Back in 2010, when I began to take a serious interest in bossa nova music, I came across a CD I thought was a recording made by Antonio Carlos Jobim. When I got it home and had a listen, it turned out be Jobim’s music, but recorded after his death by a trio called Morelenbaun2/Sakamoto. At first, I was disappointed, since I was really interested in hearing Jobim play his own compositions. After a cursory run through the tracks on the CD, titled Casa (2001), I put it aside and moved on.
A few weeks later, I still had bits and pieces of Casa floating around in my head. In particular, the trio’s female vocalist, Paula Morelenbaum, had made quite an impression. I started listening to this recording regularly, during dinner, and while I worked. The more I listened, the more I liked it.
A native of Rio de Janeiro, Paula got her professional start in 1980 as a singer in Céu da Boca, a vocal ensemble that recorded two albums during its five year run. She recorded her first solo album, Camerati, in 1992, and in 1994 toured Brazil starring in a performance showcasing Carmen Miranda’s music, which was presented in arrangements Paula created herself.
I was also intrigued because this trio featured Ryuichi Sakamoto on piano. I was familiar with his name, but had never really listened to any of his work until I discovered Casa. What was even more interesting about this recording, is that it was created in Jobim’s house, using his personal piano, in Rio de Janeiro. Each song on Casa conveys a deep love and respect for Jobim and his music. And all the musicians are fantastic.
The third member of the trio was Jaques Morelenbaum, a cellist and husband to Paula. The Morelenbaum’s were in Jobim’s band from 1984 to 1994, so they certainly had an intimate familiarity with the man and his music. When you listen to Casa, that sense of intimacy is undeniable. Despite my initial disappointment, this recording eventually led me to fall in love with bossa nova.
As a side note, Jobim often referred to his group, Nova Banda, as comprising “five beautiful girls, five handsome guys and one dirty old man.” He toured with Nova Banda until the end of his life. He also referred to this band as his “family,” and in fact, he did have some family members with him on stage. Here is Nova Banda, as well as Paula and Jaques, performing in the English version of Águas de Março (Waters of March) from 1986 (Paula is the singer wearing black):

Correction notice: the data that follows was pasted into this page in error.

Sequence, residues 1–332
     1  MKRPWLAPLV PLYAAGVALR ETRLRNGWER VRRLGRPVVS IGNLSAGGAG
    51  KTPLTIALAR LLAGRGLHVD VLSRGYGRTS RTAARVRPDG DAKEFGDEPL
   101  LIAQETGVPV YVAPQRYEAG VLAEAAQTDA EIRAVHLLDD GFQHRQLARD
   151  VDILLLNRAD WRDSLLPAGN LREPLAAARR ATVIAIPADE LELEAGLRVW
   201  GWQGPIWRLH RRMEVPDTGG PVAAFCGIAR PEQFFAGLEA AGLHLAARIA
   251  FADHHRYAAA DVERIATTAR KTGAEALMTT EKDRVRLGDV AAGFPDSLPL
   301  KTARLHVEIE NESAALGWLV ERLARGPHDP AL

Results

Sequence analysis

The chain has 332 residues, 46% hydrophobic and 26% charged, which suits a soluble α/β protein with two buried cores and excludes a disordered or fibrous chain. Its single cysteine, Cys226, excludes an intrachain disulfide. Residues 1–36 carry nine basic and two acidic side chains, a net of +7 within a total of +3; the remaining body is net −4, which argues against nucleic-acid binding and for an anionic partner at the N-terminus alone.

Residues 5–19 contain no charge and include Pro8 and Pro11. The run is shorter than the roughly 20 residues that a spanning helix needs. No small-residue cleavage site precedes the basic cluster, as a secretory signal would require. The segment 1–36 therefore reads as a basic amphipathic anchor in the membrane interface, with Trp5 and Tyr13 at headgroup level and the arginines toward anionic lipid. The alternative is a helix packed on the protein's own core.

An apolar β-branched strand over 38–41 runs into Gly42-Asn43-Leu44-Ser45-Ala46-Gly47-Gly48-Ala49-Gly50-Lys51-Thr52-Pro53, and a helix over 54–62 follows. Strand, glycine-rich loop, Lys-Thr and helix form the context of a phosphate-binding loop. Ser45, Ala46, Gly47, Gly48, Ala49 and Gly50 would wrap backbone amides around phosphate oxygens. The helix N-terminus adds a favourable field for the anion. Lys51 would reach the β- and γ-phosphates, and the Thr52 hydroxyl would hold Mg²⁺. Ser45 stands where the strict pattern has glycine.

As good as this trio was, for me Paula Morelenbaum is the real star. Her voice is laser sharp, clear and seductive. There isn’t a track on Casa I can’t recommend, but the one that drew me in first is Fotografia (Photograph). If ever there was a way to express the feeling of saudade, this song is it. And as long as we are on the subject of saudade, I can’t forget to mention Inútil Paisagem. Paula is pure emotion on this track, which translates to “Useless Landscape.” The original Brazilian Portuguese lyrics are a lament about a lost love so devastating that even the most beautiful landscapes are no longer able to move the broken heart. This version is comparable to and every bit as wonderful as that sung by Elis Regina on Elis and Tom (1974). If either of these don’t give you goosebumps, you may be beyond all hope.
The Morelenbaum2/Sakamoto trio made two other recordings, Live in Tokyo (2001) and A Day in New York (2003). Here is the trio performing O Amor Em Paz (Once I Loved) from their third album:
Before the Morelenbaum2/Sakamoto trio, Jaques and Paula recorded an album called Quarteto Jobim-Morelenbaum, which included Jobim’s son Paulo on guitar and grandson Daniel on piano. One of my favorite tracks is Meditação (Meditation), sung by Daniel and Paula. Again, the love and emotion that connects these two with Jobim is immediately apparent in this and all tracks on this recording. Here is Quarteto Jobim-Morelenbaum performing Desafinado (Out of Tune):
After her involvement in these groups, Paula went on to record other solo albums, including Berimbaum (2004), of which the song Primavera by Carlos Lyra and Vinicius de Moraes is one of my favorites. This and other solo work, such as Telecoteco (2008), is more contemporary, but still strongly influenced by bossa nova. Paula also recorded a big band album called Bossarenova (2009) and most recently a collaboration with major Brazilian composer João Donato titled Água (2010).
Bossa nova has been described as “the music that seduced the world.” Listening to Paula Morelenbaum will certainly make you understand why. You will fall in love with her voice. Her smooth, vibrato-less technique is near perfection and she has a gift for vocalizing key changes in a striking fashion. I highly recommend Casa, Quarteto Jobim-Morelenbaum and Berimbaum for anyone interested in getting acquainted with this wonderful voice from Brazil.